ISSN (Print) - 0012-9976 | ISSN (Online) - 2349-8846

Dilip M MenonSubscribe to Dilip M Menon

Minding One's Words

Gopal Guru makes a persuasive argument in "Freedom of Expression and the Life of the Dalit Mind" (EPW, 9 March 2013) about the need for the life of the dalit mind but weakens his argument by a puzzling misinterpretation of Ashis Nandy's statements on corruption and dalits, on which he bases his thesis.

The Many Spaces and Times of Swadeshi

This article argues that the deterritorialised politics of affinity generated by swadeshi, over and against the imagined community of the nation, was its greatest legacy. It holds that though the swadeshi agitators have been taken to task for not having a political programme to displace the colonial power through mass mobilisation, they found filiations on an emerging map of freedom the world over. Swadeshi politics thus created nodes, strategies, techniques of power and technologies of the self, and created another paradigm against the dyad of state power versus public representation that the moderates had been trapped in.

Religion and Colonial Modernity

This paper while questioning the assumption that religious imaginary preceded modernity, argues for the need to seriously address the fashioning of the caste self and a new collectivity within a religious imagining under colonialism. Colonial structures of governance often ignored the alternative realms - ties of locality and kinship often articulated in religious terms - which, emerged, opposed and even were antagonistic to the idea of a national identity. In the south, the attraction of the lower castes for Christianity was partly prompted by the need to move away from the cycle of oppression and inequality and also because the religion allowed for their entry into a wider public sphere, as individuals.

Peasants and Politics in Malabar

Peasants and Politics in Malabar Dilip M Menon 1 READ with increasing astonishment M Kabir's review titled 'Peasants and Politics in Malabar' (EPW, May 3). Under the guise of a detailed rebuttal of the arguments in my book (as evidenced in the length of the review), Kabir blandly restates the older paradigm which I had tried to qualify or contradict. His position seems to be that we know all we need to know about the social history of Malabar and no more new work needs to be done. There is no evidence of any substantial or original research in M Kabir's piece. He draws upon work (worthy for its time) done ageneration earlier by Prakash Karat and Gopalankutty and upon the trusted and well-thumbed gazetteers and colonial ethnographies. I would have called his review curiously immature and slipshod and left it at that but for the fact that his tone precludes charity on my part. My book is called charmingly, an inept and distorted narrative of half truths'; an act of bad faith only redeemed by the Mucidity of style' and the fact that it is 'highly readable'. Thank God for small mercies.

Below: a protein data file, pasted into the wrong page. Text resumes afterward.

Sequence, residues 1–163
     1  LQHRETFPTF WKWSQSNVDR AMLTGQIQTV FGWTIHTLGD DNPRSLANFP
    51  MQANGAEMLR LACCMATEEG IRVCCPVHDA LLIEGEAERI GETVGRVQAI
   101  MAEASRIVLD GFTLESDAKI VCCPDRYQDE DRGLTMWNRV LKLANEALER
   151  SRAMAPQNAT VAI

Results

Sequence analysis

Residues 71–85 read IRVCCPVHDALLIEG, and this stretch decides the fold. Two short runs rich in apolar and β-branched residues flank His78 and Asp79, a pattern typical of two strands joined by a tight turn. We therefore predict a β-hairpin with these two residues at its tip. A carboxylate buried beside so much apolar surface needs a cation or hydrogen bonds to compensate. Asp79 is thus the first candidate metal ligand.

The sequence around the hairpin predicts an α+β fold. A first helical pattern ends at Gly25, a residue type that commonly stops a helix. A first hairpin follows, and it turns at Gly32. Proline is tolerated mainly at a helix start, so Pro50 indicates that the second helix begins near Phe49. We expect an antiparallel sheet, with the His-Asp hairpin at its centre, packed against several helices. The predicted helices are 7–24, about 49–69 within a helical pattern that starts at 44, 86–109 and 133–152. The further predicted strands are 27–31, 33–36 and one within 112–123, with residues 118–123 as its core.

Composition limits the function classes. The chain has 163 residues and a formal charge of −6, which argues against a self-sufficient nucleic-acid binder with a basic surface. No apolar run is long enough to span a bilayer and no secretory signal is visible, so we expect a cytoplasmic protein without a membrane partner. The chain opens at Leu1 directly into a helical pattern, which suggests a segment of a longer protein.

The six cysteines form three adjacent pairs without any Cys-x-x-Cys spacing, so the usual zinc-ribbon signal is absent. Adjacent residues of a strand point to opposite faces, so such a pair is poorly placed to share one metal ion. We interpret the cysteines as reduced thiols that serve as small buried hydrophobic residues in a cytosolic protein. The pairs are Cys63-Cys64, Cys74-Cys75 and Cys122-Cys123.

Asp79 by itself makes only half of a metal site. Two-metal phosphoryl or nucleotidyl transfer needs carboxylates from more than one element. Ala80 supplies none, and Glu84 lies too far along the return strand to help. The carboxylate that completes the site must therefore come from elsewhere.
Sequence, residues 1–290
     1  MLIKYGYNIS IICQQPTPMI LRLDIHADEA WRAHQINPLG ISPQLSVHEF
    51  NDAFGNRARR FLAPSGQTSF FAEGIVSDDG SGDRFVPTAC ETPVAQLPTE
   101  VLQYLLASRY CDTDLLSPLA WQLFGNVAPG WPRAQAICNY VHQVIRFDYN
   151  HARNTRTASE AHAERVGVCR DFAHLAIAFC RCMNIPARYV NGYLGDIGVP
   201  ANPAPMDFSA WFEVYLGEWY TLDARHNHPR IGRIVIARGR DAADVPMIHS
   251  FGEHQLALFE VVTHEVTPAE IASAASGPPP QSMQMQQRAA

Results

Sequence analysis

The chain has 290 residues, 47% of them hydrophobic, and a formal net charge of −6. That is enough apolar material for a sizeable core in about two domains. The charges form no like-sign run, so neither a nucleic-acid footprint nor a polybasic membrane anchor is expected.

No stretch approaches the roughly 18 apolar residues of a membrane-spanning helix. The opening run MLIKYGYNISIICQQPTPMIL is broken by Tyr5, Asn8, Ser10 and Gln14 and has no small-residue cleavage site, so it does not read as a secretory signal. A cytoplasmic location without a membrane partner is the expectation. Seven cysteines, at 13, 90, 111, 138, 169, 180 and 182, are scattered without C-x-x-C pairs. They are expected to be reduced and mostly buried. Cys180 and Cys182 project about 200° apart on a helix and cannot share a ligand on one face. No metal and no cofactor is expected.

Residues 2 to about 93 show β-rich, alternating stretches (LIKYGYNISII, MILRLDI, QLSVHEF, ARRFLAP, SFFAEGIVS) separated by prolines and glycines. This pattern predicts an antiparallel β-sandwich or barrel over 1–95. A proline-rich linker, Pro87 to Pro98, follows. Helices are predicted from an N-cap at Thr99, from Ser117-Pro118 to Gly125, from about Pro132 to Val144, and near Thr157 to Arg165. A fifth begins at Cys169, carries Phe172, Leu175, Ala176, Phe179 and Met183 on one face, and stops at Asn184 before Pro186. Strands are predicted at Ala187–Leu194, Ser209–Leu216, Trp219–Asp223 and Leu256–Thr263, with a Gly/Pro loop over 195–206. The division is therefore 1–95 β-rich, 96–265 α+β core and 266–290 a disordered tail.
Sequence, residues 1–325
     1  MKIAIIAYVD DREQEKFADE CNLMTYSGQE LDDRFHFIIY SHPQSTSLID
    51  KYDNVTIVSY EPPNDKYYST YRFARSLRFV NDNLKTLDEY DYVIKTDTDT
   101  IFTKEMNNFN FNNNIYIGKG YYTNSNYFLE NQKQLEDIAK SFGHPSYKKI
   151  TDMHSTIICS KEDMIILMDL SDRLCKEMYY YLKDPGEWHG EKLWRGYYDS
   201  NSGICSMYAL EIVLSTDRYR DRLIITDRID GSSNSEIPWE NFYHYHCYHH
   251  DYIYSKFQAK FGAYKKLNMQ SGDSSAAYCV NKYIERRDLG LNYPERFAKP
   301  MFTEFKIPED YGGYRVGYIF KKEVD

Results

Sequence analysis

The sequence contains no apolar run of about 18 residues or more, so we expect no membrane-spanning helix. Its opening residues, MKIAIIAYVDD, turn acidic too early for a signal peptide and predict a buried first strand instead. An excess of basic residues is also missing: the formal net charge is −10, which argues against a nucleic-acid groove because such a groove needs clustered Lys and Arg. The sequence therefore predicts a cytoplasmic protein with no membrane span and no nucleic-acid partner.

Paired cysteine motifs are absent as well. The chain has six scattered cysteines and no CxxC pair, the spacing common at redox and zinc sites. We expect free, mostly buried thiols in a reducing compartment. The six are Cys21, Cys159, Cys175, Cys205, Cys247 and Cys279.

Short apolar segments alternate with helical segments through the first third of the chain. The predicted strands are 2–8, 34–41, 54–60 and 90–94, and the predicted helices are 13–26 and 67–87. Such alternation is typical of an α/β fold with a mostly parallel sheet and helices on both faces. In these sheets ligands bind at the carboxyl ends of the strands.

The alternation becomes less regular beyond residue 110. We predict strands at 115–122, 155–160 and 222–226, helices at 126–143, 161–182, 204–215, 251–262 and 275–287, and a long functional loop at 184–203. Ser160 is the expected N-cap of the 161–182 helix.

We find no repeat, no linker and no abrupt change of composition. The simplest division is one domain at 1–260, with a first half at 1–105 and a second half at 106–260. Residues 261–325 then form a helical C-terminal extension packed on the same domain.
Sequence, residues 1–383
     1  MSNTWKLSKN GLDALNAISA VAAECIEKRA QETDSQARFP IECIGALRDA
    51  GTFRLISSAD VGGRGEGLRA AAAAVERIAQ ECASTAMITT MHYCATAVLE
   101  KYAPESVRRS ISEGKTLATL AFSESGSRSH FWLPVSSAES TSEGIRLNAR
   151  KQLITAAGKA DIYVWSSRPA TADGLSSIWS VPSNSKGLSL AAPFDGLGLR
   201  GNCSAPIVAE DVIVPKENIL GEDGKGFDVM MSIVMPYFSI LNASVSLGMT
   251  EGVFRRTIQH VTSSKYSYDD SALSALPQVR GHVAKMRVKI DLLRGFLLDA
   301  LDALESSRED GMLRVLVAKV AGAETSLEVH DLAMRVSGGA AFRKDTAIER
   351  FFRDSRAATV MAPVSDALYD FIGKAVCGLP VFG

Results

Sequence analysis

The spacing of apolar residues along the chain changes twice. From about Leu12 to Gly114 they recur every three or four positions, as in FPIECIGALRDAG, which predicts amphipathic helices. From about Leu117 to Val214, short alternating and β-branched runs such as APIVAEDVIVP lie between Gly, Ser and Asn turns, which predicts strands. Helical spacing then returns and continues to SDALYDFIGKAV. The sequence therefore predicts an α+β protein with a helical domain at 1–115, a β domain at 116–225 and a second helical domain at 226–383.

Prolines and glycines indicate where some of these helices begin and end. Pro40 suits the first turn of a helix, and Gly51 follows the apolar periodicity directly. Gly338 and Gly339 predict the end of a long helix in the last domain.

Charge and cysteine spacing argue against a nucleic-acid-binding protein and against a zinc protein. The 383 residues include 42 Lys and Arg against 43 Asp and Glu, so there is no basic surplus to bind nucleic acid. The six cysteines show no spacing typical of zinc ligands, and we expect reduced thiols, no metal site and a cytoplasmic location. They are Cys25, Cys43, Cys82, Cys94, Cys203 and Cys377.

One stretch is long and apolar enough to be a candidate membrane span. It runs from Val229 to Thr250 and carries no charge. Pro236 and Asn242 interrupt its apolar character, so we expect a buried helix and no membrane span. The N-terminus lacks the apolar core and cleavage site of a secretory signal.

Conjunctural Community Communism in Malabar, 1934-1948

Conjunctural Community: Communism in Malabar, 1934-1948 Dilip M Menon This paper seeks to explore social relations in north Malabar in the period between 1934 and 1948 and the attempts of Congress socialism and subsequently communism to resolve the problem of caste inequality in the region. The one theme unifying these endeavours was the aspiration towards creating a community of equals. It will be argued here that the idea of community represents an aspiration and not an achieved entity; communities are always in the process of formation without reaching realisation. There can only be conjunctural creations of community when a temporary balance is achieved between diverse individual initiatives.
Back to Top